Those tasked with training at corporations, colleges, and government agencies are seeking ways to increase knowledge retention and engagement with their learners. To do this, many turn to web-based training of some kind. However, there are also those who are looking for more than an eLearning module or simple page turner. Utilizing serious games is a great way not only to educate your workforce, but also to engage and entertain them at the same time.
The right approach
When an organization decides to embark on a serious game project, there can be major setbacks if it is not approached properly. For the most part setbacks are the result of:
- Little-to-no planning
- Tough-to-pinpoint metrics
- Rough implementation strategies
- Insufficient planning for implementation, marketing, or post-deployment strategies—the “if you build it, they will come” attitude.
Effective serious games are living, evolving things that cannot simply be ignored after development and “put on a shelf” to collect digital dust.
When considering the development of a serious game, the phrase “measure twice and cut once” comes to mind. Before development begins, your learning objectives must be clearly defined and in parallel with the rewards and feedback systems used within the game. What are you trying to teach? After completing their training, what skills should the learner have acquired? By outlining your measurable objectives clearly before the start of the project, you ensure you are investing in a serious game that will reach those learning objectives. There is no real value in a game that looks great but doesn’t reach your objectives and doesn’t reinforce the behavior change.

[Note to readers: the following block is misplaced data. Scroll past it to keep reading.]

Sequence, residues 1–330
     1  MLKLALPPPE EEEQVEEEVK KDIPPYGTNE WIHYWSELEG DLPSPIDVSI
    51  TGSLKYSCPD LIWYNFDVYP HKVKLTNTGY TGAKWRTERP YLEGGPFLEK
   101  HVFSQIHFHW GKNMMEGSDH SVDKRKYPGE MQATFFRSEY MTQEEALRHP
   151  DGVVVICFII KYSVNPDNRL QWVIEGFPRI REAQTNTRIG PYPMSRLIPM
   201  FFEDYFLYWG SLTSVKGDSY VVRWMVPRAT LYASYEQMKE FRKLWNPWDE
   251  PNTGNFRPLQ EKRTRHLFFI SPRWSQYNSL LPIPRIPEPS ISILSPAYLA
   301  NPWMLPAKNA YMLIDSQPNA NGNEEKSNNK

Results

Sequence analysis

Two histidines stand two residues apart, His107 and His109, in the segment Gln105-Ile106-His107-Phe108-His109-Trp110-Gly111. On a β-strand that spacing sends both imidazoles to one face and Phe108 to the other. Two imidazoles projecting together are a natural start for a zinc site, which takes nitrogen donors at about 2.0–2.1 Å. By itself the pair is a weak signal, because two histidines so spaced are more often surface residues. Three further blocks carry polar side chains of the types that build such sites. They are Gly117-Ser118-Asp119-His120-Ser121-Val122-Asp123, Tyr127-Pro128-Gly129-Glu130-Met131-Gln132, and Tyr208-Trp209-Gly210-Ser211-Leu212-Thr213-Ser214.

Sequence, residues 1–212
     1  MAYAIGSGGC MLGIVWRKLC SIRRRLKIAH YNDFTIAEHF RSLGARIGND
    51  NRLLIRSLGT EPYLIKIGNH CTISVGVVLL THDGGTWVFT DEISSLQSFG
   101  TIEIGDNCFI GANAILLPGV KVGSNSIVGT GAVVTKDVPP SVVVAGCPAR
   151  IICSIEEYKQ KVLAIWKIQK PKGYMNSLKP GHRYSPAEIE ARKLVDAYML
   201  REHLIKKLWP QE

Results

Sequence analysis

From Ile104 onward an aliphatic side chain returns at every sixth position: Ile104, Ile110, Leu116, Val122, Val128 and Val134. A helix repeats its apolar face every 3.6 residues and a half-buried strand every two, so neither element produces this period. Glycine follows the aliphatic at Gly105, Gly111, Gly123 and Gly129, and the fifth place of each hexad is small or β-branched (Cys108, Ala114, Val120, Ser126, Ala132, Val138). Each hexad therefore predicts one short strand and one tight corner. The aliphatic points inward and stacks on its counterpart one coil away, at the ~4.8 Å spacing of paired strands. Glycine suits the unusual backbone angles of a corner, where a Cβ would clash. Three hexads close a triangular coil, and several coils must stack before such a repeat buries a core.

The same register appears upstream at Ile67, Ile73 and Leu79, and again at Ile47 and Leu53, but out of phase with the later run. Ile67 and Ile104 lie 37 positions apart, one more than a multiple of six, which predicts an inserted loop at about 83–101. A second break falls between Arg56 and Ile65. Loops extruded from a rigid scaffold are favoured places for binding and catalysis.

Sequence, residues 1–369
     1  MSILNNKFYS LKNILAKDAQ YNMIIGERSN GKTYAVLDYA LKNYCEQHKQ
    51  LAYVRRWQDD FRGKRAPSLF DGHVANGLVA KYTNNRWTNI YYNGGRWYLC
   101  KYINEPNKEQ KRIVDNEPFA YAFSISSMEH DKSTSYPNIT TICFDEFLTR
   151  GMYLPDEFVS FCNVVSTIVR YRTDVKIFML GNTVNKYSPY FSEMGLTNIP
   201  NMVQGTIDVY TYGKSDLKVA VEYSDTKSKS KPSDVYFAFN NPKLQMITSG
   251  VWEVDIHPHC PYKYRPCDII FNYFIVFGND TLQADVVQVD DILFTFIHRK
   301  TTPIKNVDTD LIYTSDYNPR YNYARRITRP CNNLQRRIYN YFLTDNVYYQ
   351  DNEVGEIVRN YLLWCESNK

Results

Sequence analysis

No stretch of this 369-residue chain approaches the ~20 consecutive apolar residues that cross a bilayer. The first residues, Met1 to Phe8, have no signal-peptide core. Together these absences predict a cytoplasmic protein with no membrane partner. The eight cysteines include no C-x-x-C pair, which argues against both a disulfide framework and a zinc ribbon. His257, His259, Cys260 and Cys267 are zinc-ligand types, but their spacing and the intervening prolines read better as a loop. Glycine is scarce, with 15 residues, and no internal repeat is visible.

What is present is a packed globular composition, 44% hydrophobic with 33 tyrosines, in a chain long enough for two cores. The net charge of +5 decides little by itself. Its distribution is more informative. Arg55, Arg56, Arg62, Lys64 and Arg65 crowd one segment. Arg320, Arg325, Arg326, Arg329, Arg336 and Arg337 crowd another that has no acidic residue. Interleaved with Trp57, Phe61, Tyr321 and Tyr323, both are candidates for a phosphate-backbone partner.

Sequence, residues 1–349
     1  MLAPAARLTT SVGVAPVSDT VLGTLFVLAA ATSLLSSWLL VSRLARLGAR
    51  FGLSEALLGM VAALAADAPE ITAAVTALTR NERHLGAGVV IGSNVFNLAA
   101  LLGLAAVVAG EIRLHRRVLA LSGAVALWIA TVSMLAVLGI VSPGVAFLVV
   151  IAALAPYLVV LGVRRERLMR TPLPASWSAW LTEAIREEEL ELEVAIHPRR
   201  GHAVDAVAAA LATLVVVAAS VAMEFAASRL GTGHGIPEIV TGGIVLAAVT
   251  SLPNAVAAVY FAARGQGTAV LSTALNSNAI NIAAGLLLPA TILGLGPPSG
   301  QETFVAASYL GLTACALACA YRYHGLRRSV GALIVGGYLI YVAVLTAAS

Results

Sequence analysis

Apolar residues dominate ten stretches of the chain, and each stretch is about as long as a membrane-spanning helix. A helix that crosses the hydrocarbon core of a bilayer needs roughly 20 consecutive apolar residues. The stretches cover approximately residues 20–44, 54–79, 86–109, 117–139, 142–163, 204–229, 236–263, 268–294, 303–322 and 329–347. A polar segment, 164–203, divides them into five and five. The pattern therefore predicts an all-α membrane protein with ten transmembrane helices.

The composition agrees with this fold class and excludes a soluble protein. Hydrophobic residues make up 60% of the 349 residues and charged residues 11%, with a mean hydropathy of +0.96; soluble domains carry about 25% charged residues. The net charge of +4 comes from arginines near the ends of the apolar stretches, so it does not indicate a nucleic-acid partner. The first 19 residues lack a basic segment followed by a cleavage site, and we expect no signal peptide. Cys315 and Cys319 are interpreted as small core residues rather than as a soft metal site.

In the development of a serious game, one must also consider how to inspire involvement in the game. Appealing to the competitive nature of humans through leaderboards, badges, and gamification can spur involvement and get employees excited. And when you get good at this, you can disguise training as something much more fun and entertaining. What’s more exciting than beating your boss in a game and receiving recognition for doing so? Status can be more important to people than a gift card or catered lunch, so make sure your incentives are relevant and desirable to your audience. An internal marketing plan is another great way to keep employees up-to-date and interested in their training.
One of the most important aspects to consider is how you will measure the success of your serious game. Recording pre-deployment and post-deployment metrics that exist within your organization, such as sales rates per quarter or even attrition rates over a five-year span, help you gauge the success of your training. For instance, sales figures prior to your training game, when compared to post-deployment figures, can provide you an external metric of success. This is not the end-all result, but it’s one small example of how external metrics can track success.
What metrics are important to your organization? How can you utilize the data to measure performance and relate that data to the learning objectives? Tracking events such as how often people play, when they play, and for how long, can give great insight about your game. However, it does not provide you enough metric data to see how successful a serious game is. By recording and analyzing metrics that make sense to your learning objectives, your organization will fare better than those who choose to have a game developed and leave it “on the shelf.”
So you have a serious game developed. Now what? As mentioned earlier, serious games are a living, evolving entity that require attention throughout the life of their deployment. How are you going to keep employees involved? What performance support pieces are available within your game? What can you do to ensure the training is continually beneficial? By utilizing an internal marketing plan, you can keep your learners engaged, in the loop, and excited about participating. Making resources available in the game is another excellent way to utilize your project as a performance support piece.Knowing your objectives, who your learners are, and the metrics involved in measuring success are vital to getting the most of your serious game!